The Winter Solstice has passed and we are approaching spring, the time of birth and an end to the darkness of winter. The days are growing longer and there are murmurs of life within the melting snow. It is in this world of new birth that we look back on the coldness, harshness, and exquisite beauty of the darkness of winter. We see all around us transformations. The deer and rabbits have given birth to their young and we are gearing up for Beltane, the ancient celebration that turned maidens into mothers.
It is this time of transformation that forces us to remember that there is no light without darkness. The maiden’s voyage to that of motherhood is one of pain and pleasure intermixed. It is this cycle of darkness to light to darkness that pushes the world forward. It is mirrored in all of life. “The light can only be enjoyed because you have seen darkness” is not adequate; light can only exist because darkness allows it and vice versa. Growth happens in the darkness: plants cannot survive without darkness, animals could not be born without the darkness of the womb. Which was first, day or night?
So we must ask ourselves, what role does the darkness play in our personal lives and spiritual evolution? Do we embrace the darkness as the bat and owl do? The common Pagan idea is that darkness is necessary and that we must continuously deal with the darkness in order to grow because we must face that which we are uncomfortable with. It is not so much that we must conquer the darkness, but learn from the darkness, and especially from the darkness in ourselves.
This brings us to the question of what exactly is the darkness in ourselves. Is it the parts of us that we do not like? Or is it the parts of us that we are afraid of? Is it the abused child all grown up and dealing with his/her repressed memories? Is it when the man deals with his primal urges of rage and ferocity? In modern society, these would be considered dark and not things to talk about in mixed company, but why is this so? All people have these things that are unacceptable, so why are they considered dark? What makes them dark and not light? Who gave them the terms dark and light? These are all questions that are difficult to answer, but things that must be answered to understand this world of unknown, this world that we must understand to become the spiritual beings that we wish to be.
The origin of symbols commonly lies with the basic description of the symbol’s actions, habits, and emotions that are felt due to it. Well, obviously darkness does not many applicable habits or actions, so it must be inferred that it is a common emotion felt by mankind because of its presence. As a child, darkness is a time of fear; fear because you cannot see, fear because there are not adults to take care of you, fear because you feel alone, and most of all fear because the things from your nightmares seem to be all around you. Obviously, fear is the prevailing symbol of darkness because the darkness is unknown. But how does this play into the darkness within ourselves? Why are we afraid of ourselves?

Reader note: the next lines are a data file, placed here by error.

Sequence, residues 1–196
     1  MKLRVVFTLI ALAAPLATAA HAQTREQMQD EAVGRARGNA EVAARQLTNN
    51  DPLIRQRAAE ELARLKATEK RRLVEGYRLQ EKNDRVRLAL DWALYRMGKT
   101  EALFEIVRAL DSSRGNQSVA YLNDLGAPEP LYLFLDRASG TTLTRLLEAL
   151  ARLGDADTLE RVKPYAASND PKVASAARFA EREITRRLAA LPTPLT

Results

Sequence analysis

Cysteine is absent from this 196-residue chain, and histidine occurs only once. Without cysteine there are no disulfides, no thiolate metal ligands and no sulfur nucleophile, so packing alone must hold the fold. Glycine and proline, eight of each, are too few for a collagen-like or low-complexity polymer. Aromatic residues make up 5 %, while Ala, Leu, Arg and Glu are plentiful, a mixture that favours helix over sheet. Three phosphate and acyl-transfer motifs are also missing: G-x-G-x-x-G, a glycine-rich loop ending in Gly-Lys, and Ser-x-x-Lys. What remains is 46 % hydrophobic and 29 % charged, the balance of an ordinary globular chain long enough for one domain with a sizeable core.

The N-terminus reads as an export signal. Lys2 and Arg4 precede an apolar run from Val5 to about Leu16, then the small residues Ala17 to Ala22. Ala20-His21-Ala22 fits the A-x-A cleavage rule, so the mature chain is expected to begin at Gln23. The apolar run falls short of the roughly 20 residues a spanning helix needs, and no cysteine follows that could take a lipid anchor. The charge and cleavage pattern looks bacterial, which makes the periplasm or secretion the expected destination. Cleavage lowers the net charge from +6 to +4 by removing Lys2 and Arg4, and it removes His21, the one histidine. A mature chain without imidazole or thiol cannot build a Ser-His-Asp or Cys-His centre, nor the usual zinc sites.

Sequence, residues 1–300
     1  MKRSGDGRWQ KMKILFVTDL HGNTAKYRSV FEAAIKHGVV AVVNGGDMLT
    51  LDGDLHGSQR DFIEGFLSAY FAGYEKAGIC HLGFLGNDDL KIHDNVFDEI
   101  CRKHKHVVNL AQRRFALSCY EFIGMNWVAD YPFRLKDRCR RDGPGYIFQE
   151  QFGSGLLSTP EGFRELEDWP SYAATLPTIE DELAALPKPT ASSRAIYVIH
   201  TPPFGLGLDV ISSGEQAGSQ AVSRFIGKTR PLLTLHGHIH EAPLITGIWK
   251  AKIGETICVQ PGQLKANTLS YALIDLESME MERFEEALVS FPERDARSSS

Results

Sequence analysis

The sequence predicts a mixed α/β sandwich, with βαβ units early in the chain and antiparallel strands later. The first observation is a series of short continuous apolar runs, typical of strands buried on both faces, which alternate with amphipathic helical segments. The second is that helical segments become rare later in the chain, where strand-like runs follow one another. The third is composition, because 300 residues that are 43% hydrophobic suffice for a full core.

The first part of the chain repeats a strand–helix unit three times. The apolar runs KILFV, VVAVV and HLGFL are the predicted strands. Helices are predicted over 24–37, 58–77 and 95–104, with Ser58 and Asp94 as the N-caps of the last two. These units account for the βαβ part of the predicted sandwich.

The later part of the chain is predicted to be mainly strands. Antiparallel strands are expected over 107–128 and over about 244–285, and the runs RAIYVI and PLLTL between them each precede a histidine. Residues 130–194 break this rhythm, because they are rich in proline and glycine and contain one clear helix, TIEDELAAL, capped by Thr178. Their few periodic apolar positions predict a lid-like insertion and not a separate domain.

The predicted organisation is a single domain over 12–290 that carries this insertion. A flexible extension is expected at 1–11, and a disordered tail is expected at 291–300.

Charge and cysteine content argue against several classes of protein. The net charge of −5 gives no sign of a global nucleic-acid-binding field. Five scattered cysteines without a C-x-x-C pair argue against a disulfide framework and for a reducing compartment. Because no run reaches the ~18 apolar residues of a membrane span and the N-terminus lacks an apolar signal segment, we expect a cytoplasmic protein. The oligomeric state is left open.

For the most clear reason why a man would fear the darkness within himself, we must look to the stories of old, the stories that have become nightmares for children and horror movies for adults. We look to the story of the werewolf. Once a man realized that he had been turned into a werewolf, he would be afraid of this beast that came out. He would not be afraid for himself of course, but for others. This beast would tear and destroy all that he came across. He was fearless, angry, strong and indomitable, and yet the man would wish death upon himself many times over unless he accepted it as a part of himself and dealt with it. How does this old fantastical idea have any relevance, though?
Well, let us take this story and analyze it as a symbol rather than a literal story. What does the wolf represent within the man? The clearest answer is that the wolf represents the repressed primal urges and strengths within the man. It represents the anger, lust, fury, and ferociousness that comes with being a beast rather than a civilized man. Is it this primal nature that is the root of our darkness? The civilized man does not show his anger towards his fellow man, he turns the other cheek and disregards it. This would not have been the case in prehistoric man. If a man shamed or disgraced him, he would retaliate with fierce retribution.
Are we truly afraid of the beast within? Does this darkness really represent the most fundamental genetic parts of us? Is the fear of ourselves actually the fear that we shall lose the facade of civilization and revert back to our true selves who are not afraid?